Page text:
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Section "Systemic Health Research"

Head of Section

Prof. Dr. phil. Stefan Schmidt, Dipl. Psych.
Endowed Chair for Systemic Family Therapy
E-mail: stefan.schmidt@uniklinik-freiburg.de
Telephone: +49 761 270-69280

Homepage of Stefan Schmidt: prof-stefan-schmidt.info

Secretariat
Hannah Rapp: + 49761 270-68805

The chair for Systemic Family Therapy is an endowed professorship of the Luisenklinik Bad Dürrheim.

Address
Universitätsklinikum Freiburg
Sektion Systemische Gesundheitsforschung
Klinik für Psychosomatische Medizin und Psychotherapie
Hauptstr. 8
79104 Freiburg

Visiting address
Burgunderstr. 5a, 2nd floor
79104 Freiburg

 

The Section for Systemic Health Research conducts research on three focal areas: Systemic therapy and counseling, mindfulness and meditation, as well as sense-making and healing. The thread connecting these fields is the relationship between health on the one hand and attitude, mindset, worldview and culture on the other. Our research is based on a non-reductionist epistemological approach that understands the three systems of body, psyche and social as mutally interacting on equal levels..

We are primarily guided by a constructivist and systemic approach that does not reduce mental processes to individual (neuro-)biological mechanisms, but rather includes and examines their embedding in the bodily and social context. In this view, the experienced and lived world does not result from the passive processing of external circumstances, but is actively and creatively produced in the bodily interaction with the environment (metaphorically speaking, "laying down a path in walking"). This approach is increasingly taking a central position in current cognitive research under the keywords "neurophenomenology", "embodiment" and "enaction". This also suggests a systematic integration of the phenomenology of subjective experience into the research process.

The methodological spectrum of the section is broad and includes clinical studies, neuro- and psychophysiological approaches, but also qualitative (phenomenological) methods. The Section has an EEG laboratory and a video-based movement laboratory

 

Systemic therapy

The focus on systemic therapy deals with the question of the effectiveness and mode of action of systemic oriented (psycho)therapy approaches. These approaches include different settings such as family therapy, couple therapy, systemic therapy with single clients, as well as systemic work with children and adolescents. Two different approaches are chosen here. On the one hand, the classic prevailing understanding of clinical research and the respective inventory of methods is applied to investigate the effectiveness of systemic approaches, as reflected in quantitative clinical studies, for example. On the other hand, an attempt is made to develop and implement alternative research methods and procedures within the epistemological assumptions of the systemic approach.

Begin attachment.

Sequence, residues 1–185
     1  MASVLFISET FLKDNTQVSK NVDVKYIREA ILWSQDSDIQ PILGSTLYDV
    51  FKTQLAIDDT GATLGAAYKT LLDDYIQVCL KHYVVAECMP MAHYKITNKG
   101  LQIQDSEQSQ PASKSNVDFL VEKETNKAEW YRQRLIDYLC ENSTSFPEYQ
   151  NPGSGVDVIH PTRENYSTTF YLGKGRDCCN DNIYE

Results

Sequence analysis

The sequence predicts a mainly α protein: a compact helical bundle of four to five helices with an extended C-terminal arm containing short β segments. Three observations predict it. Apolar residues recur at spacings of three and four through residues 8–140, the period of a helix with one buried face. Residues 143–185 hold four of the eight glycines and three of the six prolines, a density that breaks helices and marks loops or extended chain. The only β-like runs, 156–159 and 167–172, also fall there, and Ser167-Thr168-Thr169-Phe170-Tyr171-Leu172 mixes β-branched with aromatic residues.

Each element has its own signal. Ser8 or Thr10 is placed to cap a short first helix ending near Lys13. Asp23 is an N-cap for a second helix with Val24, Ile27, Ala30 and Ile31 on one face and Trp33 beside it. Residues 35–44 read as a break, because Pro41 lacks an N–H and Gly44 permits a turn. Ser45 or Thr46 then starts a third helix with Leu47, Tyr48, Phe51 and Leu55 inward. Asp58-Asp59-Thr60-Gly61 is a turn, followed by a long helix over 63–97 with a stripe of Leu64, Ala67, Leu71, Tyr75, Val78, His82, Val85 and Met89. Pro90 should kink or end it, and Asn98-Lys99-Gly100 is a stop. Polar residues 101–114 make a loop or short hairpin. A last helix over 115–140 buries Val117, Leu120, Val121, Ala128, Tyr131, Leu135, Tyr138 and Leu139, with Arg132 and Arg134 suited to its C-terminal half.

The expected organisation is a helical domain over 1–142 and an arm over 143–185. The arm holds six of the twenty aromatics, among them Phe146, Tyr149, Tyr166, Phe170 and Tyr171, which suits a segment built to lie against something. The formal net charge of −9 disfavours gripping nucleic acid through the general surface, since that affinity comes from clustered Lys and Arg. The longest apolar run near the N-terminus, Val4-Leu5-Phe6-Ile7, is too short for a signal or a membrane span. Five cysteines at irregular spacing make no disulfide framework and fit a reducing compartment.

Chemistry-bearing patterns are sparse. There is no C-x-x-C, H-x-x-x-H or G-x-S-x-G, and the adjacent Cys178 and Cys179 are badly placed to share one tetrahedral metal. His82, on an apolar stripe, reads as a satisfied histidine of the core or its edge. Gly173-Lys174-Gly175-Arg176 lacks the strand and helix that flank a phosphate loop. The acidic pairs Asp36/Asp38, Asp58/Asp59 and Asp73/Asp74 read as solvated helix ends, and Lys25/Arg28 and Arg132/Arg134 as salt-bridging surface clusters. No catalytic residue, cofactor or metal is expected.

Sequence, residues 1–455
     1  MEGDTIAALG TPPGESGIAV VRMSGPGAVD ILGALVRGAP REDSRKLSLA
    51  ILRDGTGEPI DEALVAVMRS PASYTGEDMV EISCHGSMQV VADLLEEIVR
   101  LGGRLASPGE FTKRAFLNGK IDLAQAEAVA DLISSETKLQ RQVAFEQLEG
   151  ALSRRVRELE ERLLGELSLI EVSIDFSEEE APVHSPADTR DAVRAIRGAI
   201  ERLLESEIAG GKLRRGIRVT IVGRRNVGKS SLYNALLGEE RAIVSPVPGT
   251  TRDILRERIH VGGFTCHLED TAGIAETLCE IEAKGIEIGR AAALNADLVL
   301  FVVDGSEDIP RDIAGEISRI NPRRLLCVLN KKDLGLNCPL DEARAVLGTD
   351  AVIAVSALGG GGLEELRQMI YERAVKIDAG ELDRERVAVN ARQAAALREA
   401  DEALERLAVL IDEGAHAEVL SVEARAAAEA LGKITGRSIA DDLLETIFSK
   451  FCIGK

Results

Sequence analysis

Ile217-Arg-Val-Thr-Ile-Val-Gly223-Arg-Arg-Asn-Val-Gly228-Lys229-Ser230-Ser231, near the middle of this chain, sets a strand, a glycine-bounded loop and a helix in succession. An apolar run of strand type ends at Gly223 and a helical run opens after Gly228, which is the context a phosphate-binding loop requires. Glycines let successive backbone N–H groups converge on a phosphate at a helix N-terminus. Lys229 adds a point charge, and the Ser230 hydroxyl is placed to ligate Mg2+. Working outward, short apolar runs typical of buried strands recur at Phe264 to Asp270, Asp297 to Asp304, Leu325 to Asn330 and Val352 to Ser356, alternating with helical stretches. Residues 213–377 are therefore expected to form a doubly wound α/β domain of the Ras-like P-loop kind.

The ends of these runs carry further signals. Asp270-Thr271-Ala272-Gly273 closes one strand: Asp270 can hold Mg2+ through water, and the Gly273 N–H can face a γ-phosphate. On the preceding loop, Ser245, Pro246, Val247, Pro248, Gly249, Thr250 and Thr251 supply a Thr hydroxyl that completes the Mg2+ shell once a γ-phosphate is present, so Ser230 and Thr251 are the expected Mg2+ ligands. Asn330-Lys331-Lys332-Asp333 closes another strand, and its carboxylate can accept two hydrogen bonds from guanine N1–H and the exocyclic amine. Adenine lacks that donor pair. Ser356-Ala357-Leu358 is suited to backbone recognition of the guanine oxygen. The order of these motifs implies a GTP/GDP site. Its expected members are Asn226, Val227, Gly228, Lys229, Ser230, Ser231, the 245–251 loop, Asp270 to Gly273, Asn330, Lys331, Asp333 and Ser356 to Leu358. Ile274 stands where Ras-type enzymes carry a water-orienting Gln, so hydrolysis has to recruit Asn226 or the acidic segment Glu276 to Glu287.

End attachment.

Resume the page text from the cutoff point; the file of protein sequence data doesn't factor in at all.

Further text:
Mindfulness and meditation

Our research group has a long tradition in researching mindfulness-based practices and experimental meditation research. In 1999, the first German study on mindfulness-based stress management was conducted at our section (link). In 2000, the Freiburg Mindfulness Inventory (FMI) was developed and one of the first meta-analyses on MBSR (Course in Mindfulness-Based Stress Reduction) was published (link). This was followed by several clinical studies on migraine, chronic back pain and fibromyalgia. Further intervention studies investigated the impact of mindfulness practice in schools and in hospitals, where we have conducted studies with nurses, ward teams and residents (link).

The Section has its own EEG laboratory in which neurophysiological studies are conducted in connection with meditation. Among other things, work on action initiation (Libet experiment) and neurophenomenological studies are also carried out here.

 

Sense-making and self-healing

This third area deals with the question of the extent to which the creation of meaning and the construction of meaning are related to physical health. This relationship is exemplified in the placebo effect, in which distinct physiological effects are evoked merely by information and contextualisation of an inert drug administration. Research in this area includes placebo studies and experiments, but also qualitative approaches to narratives of illness and recovery.

An important focus in this area is the dual description of illness and healing as biochemical events on the one hand and as narration on the other. We assume that these two approaches are closely intertwined and mutually dependent. Thus, many causally conceived medical treatments can also be seen on a second level as meaningful narratives that unfold their effect more through ritual aspects than through biochemical factors. This approach is presented in detail in Prof. Stefan Schmidt's inaugural lecture (link).

 

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